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In Pennsylvania, New York militia move south from Harrisburg to defend Chambersburg

Joseph Farmer Knipe, detail
06/20/1863
Parts of two regiments of New York Militia, around eight hundred strong, had been rushed to Harrisburg, Pennsylvania in response to the Confederate invasion.  Brigadier General Joseph F. Knipe, at home recovering from wounds and malaria, took command and was ordered down the valley by rail to Franklin County to repair the railroad bridge at Scotland that General Jenkins Confederate cavalry had destroyed days before.  This they did and the next day camped just south of Chambersburg on the road leading to Hagerstown. (By John Osborne)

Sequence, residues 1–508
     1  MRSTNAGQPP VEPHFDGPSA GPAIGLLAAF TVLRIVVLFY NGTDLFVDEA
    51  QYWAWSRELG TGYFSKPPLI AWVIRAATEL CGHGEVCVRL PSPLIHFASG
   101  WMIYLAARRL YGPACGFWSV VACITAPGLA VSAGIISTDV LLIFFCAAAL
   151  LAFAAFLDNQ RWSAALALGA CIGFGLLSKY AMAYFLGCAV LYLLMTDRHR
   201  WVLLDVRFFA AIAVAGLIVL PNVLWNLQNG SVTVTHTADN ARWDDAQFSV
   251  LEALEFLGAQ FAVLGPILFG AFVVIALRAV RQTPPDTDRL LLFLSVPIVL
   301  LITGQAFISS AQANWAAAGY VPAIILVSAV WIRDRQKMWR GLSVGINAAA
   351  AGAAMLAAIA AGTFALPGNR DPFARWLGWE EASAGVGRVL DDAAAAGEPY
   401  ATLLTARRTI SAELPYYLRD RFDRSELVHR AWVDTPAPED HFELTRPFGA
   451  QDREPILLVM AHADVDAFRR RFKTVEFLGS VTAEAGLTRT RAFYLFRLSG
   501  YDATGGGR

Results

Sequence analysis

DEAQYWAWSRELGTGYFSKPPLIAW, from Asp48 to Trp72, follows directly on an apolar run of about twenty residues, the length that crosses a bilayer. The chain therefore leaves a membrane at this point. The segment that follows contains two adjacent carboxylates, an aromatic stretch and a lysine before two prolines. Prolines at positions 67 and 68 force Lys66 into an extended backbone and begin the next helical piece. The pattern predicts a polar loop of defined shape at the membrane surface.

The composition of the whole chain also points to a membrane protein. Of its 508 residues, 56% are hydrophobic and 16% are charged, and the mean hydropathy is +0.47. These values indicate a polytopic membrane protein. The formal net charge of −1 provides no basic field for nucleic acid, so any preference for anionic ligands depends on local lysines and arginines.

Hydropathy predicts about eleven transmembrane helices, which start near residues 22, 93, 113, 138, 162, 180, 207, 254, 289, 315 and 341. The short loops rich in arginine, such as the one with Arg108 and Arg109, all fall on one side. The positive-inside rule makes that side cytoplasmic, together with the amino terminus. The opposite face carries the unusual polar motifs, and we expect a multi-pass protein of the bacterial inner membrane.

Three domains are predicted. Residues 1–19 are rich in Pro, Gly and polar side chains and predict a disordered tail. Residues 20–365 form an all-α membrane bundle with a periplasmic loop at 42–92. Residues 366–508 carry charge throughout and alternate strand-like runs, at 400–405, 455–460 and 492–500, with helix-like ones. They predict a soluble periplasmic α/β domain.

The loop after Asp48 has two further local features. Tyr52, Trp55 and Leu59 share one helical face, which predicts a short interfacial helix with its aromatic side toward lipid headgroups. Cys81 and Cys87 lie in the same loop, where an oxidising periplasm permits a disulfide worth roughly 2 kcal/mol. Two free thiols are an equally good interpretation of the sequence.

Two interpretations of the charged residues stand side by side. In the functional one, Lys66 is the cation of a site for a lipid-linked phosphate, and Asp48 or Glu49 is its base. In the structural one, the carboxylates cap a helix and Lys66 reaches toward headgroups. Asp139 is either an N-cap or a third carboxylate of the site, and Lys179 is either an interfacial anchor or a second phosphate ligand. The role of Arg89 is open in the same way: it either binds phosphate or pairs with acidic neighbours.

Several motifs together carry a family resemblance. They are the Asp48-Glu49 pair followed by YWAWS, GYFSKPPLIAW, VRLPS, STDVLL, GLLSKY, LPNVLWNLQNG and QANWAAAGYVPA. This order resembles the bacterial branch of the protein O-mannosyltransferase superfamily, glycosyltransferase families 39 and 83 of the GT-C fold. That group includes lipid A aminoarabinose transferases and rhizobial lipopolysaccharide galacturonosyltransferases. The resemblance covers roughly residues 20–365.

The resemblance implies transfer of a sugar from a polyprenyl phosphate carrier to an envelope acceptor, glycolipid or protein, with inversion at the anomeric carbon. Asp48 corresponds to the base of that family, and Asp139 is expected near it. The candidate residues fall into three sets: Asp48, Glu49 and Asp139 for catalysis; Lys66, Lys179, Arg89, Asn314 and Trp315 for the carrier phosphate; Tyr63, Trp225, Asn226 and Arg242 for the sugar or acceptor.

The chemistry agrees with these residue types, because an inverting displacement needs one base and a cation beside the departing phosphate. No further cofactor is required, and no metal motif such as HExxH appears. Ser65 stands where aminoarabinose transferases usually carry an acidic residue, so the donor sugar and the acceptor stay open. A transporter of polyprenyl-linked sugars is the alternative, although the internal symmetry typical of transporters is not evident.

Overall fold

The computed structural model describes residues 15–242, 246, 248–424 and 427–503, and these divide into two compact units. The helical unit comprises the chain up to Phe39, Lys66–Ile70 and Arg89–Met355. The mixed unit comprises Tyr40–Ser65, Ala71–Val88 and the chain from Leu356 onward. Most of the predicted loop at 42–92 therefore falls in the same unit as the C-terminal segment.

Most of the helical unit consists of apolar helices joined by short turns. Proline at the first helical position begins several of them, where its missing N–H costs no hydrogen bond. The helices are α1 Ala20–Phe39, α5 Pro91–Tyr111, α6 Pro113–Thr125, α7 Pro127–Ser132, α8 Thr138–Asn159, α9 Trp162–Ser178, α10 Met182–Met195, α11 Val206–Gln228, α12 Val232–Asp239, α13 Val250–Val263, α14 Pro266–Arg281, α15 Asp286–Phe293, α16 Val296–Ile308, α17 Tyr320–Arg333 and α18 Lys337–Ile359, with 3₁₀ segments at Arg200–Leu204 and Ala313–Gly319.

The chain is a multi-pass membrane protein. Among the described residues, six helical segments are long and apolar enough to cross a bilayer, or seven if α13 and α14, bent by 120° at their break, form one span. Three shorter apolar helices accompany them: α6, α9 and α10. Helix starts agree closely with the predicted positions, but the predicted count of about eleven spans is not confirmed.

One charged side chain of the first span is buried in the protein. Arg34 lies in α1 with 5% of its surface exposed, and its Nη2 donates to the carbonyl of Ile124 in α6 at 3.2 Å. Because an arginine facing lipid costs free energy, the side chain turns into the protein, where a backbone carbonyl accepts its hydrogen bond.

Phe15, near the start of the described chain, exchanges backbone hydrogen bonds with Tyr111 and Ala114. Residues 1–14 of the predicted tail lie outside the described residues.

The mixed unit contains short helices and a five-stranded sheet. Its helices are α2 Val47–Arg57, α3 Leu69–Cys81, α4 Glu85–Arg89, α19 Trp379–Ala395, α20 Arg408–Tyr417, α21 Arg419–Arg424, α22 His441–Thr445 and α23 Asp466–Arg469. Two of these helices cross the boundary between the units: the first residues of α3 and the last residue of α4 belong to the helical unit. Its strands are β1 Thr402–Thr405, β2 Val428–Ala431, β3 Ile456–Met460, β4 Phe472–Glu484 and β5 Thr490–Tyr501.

Source Citation: 
Jacob Hoke, The Great Invasion of 1863 or General Lee in Pennsylvania ... (Dayton, OH: W.J. Shuey, 1887), 120-121. 

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How to Cite This Page: "In Pennsylvania, New York militia move south from Harrisburg to defend Chambersburg," House Divided: The Civil War Research Engine at Dickinson College, http://hd.housedivided.dickinson.edu/node/40012.